Transitional Alimony in Tennessee
This type of Tennessee Alimony comes into play to allow the financially disadvantaged spouse the ability to exit the marriage and reenter society as a single person with as little disruption as can be expected. Transitional Alimony is usually measured in months with a goal to allow each of the spouses to return to their premarital standard of living. It is relative to marriages of relatively short duration.
T.C. A.§36-5-121(g)(1) Transitional alimony means a sum of money payable by one (1) party to, or on behalf of, the other party for a determinate period of time. Transitional alimony is awarded when the court finds that rehabilitation is not necessary, but the economically disadvantaged spouse needs assistance to adjust to the economic consequences of a divorce, legal separation or other proceeding where spousal support may be awarded, such as a petition for an order of protection.
Transitional Alimony in Tennessee cannot be modified once ordered by the court in the Final Decree of Divorce. Transitional Alimony may be deemed to be taxable to the recipient and tax deductible to the party providing the support. Parties should inquire their counsel as well as the tax professional regarding the tax consequences of any support ordered in their matter. T.C. A.§36-5-121(g)(2) discusses the exceptions to the nonmodifiable clause. In summary, parties can agree to modify in an agreement incorporated in the final decree, the alimony recipient lives with a third person in which rebuttable presumption is raised that the third person is contributing to the support of the recipient thus need is no longer there, and it can terminate on death of the or re-marriage of the recipient.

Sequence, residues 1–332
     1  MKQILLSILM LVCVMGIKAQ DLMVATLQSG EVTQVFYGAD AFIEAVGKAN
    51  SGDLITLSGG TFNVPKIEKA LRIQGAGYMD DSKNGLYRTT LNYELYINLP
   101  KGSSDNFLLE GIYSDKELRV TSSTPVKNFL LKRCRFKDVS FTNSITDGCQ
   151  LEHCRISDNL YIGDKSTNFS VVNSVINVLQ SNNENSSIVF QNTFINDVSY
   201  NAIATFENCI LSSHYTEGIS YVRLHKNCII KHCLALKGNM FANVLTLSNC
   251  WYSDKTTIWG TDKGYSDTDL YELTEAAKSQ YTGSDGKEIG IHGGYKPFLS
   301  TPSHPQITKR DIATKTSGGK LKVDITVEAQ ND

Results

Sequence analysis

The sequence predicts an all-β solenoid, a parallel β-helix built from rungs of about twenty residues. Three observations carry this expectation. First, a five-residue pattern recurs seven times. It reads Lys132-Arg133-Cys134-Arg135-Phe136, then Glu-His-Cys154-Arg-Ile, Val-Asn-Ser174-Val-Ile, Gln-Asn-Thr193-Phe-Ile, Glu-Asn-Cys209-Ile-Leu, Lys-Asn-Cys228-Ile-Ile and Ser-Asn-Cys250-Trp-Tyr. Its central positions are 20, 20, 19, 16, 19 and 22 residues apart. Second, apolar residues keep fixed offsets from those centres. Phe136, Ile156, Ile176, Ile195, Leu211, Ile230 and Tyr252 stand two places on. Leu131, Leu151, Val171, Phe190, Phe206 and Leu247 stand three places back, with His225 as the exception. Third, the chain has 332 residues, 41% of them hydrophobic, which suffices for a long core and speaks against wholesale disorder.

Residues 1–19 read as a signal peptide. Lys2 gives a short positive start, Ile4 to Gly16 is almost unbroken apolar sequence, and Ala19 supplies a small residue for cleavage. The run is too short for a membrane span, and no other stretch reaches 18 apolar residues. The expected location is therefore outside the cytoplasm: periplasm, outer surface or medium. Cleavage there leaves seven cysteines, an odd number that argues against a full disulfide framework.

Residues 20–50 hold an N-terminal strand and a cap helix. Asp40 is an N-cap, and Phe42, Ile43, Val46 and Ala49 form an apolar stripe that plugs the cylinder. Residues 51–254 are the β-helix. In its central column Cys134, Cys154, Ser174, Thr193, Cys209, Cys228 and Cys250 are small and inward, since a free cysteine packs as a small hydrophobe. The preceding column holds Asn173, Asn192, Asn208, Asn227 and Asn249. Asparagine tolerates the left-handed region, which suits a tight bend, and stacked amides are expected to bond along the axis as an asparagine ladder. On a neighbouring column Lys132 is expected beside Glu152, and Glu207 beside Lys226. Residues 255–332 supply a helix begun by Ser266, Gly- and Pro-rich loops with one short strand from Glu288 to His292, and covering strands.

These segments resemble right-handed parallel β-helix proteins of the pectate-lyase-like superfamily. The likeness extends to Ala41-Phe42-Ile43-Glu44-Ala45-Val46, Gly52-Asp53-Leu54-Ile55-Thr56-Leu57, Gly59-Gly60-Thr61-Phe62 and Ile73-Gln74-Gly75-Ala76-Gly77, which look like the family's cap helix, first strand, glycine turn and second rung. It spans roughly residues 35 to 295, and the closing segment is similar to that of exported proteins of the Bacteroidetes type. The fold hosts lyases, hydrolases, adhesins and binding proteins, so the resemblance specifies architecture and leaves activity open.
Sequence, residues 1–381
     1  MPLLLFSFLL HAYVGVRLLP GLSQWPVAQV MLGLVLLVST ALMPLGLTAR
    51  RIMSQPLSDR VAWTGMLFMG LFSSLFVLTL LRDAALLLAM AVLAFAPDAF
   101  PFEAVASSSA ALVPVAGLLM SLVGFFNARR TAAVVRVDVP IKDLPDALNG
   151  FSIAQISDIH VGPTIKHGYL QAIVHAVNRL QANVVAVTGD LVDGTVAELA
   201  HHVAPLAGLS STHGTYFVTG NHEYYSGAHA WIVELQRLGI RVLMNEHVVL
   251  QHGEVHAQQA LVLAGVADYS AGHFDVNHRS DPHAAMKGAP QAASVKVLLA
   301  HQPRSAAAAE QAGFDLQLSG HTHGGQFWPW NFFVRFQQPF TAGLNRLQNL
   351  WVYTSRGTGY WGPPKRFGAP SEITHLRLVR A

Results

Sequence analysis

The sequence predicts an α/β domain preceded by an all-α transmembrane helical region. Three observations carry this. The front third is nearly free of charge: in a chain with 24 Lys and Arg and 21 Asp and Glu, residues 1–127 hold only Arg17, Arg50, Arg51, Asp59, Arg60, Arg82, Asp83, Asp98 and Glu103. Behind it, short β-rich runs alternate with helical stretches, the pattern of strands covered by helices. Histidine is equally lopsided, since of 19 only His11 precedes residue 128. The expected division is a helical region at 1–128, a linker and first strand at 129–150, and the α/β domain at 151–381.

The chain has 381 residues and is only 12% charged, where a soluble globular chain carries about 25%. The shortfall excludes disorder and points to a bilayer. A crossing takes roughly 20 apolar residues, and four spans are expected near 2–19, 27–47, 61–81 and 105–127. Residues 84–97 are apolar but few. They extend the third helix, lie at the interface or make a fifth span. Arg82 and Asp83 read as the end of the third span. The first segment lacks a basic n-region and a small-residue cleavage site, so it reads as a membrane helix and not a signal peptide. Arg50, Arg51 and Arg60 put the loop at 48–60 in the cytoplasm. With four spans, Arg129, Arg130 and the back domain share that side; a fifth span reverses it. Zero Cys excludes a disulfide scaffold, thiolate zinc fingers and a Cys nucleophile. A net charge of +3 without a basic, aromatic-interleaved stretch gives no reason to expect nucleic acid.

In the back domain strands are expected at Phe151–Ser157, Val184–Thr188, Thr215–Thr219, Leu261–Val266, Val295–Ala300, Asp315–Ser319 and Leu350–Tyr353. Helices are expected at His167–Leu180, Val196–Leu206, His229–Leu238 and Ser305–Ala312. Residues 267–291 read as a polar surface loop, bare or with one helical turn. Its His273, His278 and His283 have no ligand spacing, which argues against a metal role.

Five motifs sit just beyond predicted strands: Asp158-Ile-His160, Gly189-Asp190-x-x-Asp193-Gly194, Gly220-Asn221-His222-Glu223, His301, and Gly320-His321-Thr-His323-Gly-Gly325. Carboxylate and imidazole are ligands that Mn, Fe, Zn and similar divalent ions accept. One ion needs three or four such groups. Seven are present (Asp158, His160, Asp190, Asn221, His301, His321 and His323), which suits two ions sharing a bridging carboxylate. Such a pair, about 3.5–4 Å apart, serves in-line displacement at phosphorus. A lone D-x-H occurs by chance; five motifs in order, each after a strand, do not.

Rehabilitative Alimony in Tennessee
Rehabilitative alimony serves the purpose to allow the financially disadvantaged spouse to return to school, regain certain certifications, reenter the workforce at a lower economic level with the intent to ascend to a higher position or even to begin an entirely new career. The statute references a goal, with reasonable effort, to permit the economically disadvantaged spouse to get to a standard of living reasonably comparable to that enjoyed during the marriage, or to the post-divorce standard of living expected to be available to the other spouse T.C. A.§36-5-121(d)(2). In application, most judges will find self-sufficiency is more the goal than equal standards of living after divorce.
As with alimony in future, rehabilitative alimony may be modified by the courts upon a showing of substantial and material change in circumstances. It can also be extended beyond the term initially established by the court, or to be increased in amount, or both, the recipient of the rehabilitative alimony shall have the burden of proving that all reasonable efforts at rehabilitation have been made and have been unsuccessful. T.C. A.§36-5-121(e)(2).
Alimony in Solido in Tennessee
Alimony in solido, also called lump-sum alimony, is a unique form of alimony. The payments are either a single lump-sum or a series of payments over time. This is often used to offset unequal earning capacities or unequal incomes of the parties in lieu of other types of spousal support. For example, it could be granted by awarding a larger portion of the proceeds of the sale of the marital residence or other marital property to the financially disadvantaged spouse. It can be used to pay the disadvantaged spouse’s attorney fees or to satisfy debt owed in the name of the disadvantaged spouse.
T.C. A.§36-5-121(d)(5) states that alimony in solido may be awarded in lieu of or in addition to any other alimony award, in order to provide support, including attorney fees, where appropriate. A final award of alimony in solido is not modifiable, except by agreement of the parties only, T.C. A.§36-5-121(h)(2). Alimony in solido is not terminable upon the death or remarriage of the recipient or the payor, T.C. A.§36-5-121(h)(2).
It is important that you are aware of your rights in regards to spousal support. In many cases, one spouse attempts to dominate or intimidate the other. In reality, the spouse trying to intimidate has no clue about Tennessee Divorce law. It is to your advantage to speak with a Tennessee family law attorney and learn what your rights are. Initial consultations are of no cost at Cartwright Law, take advantage by setting up an appointment.